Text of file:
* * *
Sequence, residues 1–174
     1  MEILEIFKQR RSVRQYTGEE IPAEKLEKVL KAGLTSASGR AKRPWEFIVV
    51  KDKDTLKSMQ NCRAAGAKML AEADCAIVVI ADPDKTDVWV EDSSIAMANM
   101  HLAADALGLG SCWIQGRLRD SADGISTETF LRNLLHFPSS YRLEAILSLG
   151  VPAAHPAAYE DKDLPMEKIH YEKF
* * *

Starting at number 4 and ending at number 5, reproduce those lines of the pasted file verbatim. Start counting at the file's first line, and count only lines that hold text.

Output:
   101  HLAADALGLG SCWIQGRLRD SADGISTETF LRNLLHFPSS YRLEAILSLG
   151  VPAAHPAAYE DKDLPMEKIH YEKF